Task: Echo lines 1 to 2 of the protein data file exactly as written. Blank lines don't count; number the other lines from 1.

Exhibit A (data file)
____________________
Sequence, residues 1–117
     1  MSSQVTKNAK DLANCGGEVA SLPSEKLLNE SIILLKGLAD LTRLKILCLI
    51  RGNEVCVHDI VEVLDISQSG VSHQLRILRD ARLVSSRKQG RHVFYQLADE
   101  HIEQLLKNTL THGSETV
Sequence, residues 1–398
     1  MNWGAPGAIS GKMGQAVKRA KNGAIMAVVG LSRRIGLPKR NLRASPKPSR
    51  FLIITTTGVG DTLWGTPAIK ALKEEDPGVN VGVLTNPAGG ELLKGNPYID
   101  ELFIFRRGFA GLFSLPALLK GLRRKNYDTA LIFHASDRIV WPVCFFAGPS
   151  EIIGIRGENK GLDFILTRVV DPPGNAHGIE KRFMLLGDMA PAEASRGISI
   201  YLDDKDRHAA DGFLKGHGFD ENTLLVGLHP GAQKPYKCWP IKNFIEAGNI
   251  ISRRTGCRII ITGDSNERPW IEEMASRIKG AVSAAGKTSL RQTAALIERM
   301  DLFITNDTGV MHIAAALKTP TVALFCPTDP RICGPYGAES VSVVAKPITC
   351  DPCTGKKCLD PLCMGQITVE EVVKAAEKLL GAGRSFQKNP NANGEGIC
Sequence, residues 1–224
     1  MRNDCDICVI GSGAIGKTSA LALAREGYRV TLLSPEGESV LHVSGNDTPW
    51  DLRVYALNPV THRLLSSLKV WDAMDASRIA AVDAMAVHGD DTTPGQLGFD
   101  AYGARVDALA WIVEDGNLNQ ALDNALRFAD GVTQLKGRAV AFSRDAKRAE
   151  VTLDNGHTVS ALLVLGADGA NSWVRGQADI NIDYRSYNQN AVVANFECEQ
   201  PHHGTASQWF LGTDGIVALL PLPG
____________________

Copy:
Sequence, residues 1–117
     1  MSSQVTKNAK DLANCGGEVA SLPSEKLLNE SIILLKGLAD LTRLKILCLI